Alice B. Toklas LGBT Democratic Club, 2370 Market St, San Francisco, CA 94114
Jo Daly (1946 – October 3, 1997) was San Francisco’s first lesbian Police Commissioner. President of the SF Board of Supervisors Diane Feinstein officiated Daly's wedding to her partner in her garden. The two had a political falling-out and when Feinstein removed Daly from the police commission in 1986, Daly complained that the reason was that she once publicly praised a Mitchell Brothers porno film. Daly’s short life spanned a rich and turbulent history of San Francisco politics. In 1975, she was appointed as a staff member on the city’s Human Rights Commission and noted as the first government official anywhere whose salaried job was to serve the gay community. During her decade long battle with cancer, Daly actively campaigned for legalization of the medical use of marijuana. Jo Daly died from cancer in 1997 at the age of 51. Her longtime friend, Jill Ramsey, was at her side when she died.
A native of Washington, D.C., Daly moved to San Francisco shortly after she announced her lesbianism in 1972, after what she described as a period of reflection in a log cabin near Manassas, Va., with only her St. Bernard, Michelle, to keep her company. She immediately became involved in The City's emerging gay political circles.
In 1975, she was named a staff member on the Human Rights Commission, where she was believed to be the first government official in the nation whose salaried job was to serve the gay community.
When she was named to the Police Commission by then-Mayor Dianne Feinstein in 1980, she was the first lesbian on that body. She also was a member of the Human Rights Commission and the Board of Permit Appeals.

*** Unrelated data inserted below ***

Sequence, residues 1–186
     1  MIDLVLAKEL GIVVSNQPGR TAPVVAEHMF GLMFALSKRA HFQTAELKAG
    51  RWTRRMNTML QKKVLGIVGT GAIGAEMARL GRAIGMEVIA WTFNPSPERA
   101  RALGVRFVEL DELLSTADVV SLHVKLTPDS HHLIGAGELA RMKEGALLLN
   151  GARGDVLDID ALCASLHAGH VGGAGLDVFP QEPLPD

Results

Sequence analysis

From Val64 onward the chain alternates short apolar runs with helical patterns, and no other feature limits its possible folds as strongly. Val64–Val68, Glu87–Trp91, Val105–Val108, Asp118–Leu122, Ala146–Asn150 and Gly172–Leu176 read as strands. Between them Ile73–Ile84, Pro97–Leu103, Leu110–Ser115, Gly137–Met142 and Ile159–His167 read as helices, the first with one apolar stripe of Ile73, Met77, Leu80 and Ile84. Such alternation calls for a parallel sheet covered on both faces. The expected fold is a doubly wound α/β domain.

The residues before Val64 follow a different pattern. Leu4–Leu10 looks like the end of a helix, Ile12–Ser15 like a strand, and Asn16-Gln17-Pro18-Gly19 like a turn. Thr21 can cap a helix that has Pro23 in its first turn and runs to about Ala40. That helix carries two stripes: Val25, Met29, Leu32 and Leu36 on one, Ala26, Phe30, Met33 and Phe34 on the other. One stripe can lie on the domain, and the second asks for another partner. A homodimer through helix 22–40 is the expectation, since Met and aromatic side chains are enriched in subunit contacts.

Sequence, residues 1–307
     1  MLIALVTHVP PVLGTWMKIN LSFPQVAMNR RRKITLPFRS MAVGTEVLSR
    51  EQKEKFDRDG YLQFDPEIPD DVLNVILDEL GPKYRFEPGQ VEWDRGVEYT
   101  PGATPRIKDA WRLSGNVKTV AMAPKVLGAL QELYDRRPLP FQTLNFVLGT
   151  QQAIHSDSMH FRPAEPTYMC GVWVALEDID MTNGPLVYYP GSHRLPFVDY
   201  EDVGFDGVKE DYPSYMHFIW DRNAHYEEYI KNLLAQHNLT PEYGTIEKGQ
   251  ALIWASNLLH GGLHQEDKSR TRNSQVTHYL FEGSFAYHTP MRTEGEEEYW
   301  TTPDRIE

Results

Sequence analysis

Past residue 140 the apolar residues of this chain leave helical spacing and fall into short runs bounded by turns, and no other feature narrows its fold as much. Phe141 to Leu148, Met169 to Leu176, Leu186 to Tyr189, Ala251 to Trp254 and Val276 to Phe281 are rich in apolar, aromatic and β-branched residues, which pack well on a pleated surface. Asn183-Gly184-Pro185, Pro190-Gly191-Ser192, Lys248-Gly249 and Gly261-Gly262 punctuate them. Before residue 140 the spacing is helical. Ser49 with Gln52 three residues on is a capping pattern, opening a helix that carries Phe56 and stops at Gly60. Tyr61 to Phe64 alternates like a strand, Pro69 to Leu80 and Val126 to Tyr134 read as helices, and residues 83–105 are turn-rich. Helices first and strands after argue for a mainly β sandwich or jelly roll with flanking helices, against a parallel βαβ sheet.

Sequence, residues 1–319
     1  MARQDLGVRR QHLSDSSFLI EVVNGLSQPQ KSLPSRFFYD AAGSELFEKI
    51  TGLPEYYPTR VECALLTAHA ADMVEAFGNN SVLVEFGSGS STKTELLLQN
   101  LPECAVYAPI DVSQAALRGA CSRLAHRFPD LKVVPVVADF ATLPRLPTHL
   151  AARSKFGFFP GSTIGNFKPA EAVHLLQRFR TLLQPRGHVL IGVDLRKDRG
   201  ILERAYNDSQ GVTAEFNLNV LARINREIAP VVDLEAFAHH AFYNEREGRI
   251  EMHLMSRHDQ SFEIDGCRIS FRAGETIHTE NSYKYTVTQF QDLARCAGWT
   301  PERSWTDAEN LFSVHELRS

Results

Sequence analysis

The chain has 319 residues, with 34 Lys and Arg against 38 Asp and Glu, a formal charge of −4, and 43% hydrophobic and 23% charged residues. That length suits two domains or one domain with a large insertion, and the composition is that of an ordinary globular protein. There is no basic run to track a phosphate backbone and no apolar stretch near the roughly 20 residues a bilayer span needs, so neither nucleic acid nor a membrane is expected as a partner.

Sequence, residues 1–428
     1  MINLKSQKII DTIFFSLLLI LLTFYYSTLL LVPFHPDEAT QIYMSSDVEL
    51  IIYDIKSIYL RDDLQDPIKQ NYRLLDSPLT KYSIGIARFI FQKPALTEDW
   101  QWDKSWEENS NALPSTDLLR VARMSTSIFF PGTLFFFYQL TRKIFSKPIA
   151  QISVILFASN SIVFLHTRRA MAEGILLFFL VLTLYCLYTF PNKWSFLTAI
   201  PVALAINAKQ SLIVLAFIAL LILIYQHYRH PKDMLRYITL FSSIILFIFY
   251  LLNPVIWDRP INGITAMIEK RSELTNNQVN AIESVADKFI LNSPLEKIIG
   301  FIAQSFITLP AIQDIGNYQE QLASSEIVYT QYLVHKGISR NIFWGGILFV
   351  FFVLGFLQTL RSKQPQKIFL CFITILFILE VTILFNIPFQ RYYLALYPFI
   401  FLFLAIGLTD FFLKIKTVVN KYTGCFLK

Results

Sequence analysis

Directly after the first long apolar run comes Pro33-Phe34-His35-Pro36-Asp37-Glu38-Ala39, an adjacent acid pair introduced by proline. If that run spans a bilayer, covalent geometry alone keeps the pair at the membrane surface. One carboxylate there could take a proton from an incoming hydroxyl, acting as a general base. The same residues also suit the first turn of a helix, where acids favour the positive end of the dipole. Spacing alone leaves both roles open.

As a police commissioner, she was a nemesis of Police Chief Con Murphy, demanding, and getting, more police responsiveness to the public. She was a longtime ally of Feinstein, but the two fell out when Feinstein canned Daly and two others from the police commission in 1986.
As she battled cancer, Daly also battled for legalized marijuana for medical use. "I can't explain to anyone how violently ill you can become after chemotherapy," she said. "You lose control. It's like a nuclear implosion inside your body. The word nausea doesn't even come close. But with the marijuana -- just a tiny bit -- it went away almost instantly." She referred to cops who raided the San Francisco Cannabis Club as terrorists and storm troopers and was a major force behind Proposition 215, the medical marijuana initiative.
Daly was a member of the Alice B. Toklas Democratic Club and once ran unsuccessfully for the Democratic County Central Committee.
She once told The Chronicle, "People have fears that we're always trying to convert others into a gay lifestyle. There's no need to worry. I grew up in a heterosexual environment, and it didn't rub off on me."
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